JOHANNESBURG: Eskom workers from the National Union of Metalworkers SA (Numsa) and the National Union of Mineworkers (NUM) wants a 15% increase.
According to Analyst, Eskom cannot “plead poverty” while corruption at the power utility continues. This follows Eskom’s offer of 0% increases for all of its 47 000 workers, sparking outrage from unions who threatened to shut down the power utility on Thursday.
Eskom workers from the National Union of Metalworkers SA (Numsa) and the National Union of Mineworkers (NUM) wants a 15% increase. Workers marched on Eskom’s offices around the country handing over memoranda to managers. According to TimesLive, the situation became volatile by Thursday afternoon.
Eskom spokesperson Khulu Phasiwe reportedly said that “intimidation” and road blockages were taking place at most Eskom power stations and regional offices. Power supply at Eskom headquarters in Johannesburg had been “mysteriously” cut off, Phasiwe said.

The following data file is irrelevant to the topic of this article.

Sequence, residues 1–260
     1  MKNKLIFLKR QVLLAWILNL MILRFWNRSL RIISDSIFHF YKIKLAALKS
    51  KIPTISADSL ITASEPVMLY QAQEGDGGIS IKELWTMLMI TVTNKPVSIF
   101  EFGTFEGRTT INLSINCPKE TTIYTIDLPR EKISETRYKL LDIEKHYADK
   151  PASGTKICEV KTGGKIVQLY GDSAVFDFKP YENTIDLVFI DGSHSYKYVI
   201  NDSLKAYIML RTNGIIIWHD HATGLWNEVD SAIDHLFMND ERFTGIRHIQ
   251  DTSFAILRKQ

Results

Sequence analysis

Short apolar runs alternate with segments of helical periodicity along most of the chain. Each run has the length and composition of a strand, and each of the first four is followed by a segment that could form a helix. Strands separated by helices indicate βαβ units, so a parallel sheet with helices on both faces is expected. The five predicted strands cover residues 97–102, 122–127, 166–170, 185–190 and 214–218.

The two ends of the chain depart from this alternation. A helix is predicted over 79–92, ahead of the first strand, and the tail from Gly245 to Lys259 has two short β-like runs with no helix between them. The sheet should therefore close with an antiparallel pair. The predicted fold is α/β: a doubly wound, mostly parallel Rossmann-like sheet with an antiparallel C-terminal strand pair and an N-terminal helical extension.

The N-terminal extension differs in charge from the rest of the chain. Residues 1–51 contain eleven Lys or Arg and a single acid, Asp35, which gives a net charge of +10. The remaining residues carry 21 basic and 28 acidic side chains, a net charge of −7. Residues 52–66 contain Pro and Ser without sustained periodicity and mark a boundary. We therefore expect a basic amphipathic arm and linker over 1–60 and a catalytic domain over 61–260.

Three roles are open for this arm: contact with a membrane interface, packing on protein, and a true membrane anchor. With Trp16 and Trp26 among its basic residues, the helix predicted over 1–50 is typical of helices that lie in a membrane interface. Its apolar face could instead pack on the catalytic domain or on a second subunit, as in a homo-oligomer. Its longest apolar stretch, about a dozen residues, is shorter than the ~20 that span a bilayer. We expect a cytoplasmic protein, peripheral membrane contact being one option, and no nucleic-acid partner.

Eskom reportedly said it cannot guarantee the security of electricity supply this week. According to TimesLive, Eskom has a debt burden of R350-billion a year which increases by R70-billion a year.
On POWER Update on Thursday afternoon, Ted Blom, mining and energy analyst said the power utility can afford to pay its workers if it “cleans up its act”.
He said the unions and the workers are not responsible for Eskom’s financial problems and should not be punished for it. Blom said the blame for the crisis Eskom finds itself in must be “placed squarely” on the board, the previous boards, and Eskom’s executive management.
“I find it very difficult to hold unions responsible for management’s problem. I have a lot of sympathy for the unions. We all have expenses. We all need increases…. Eskom can’t plead poverty in the face of allowing corruption to continue,” Blom said.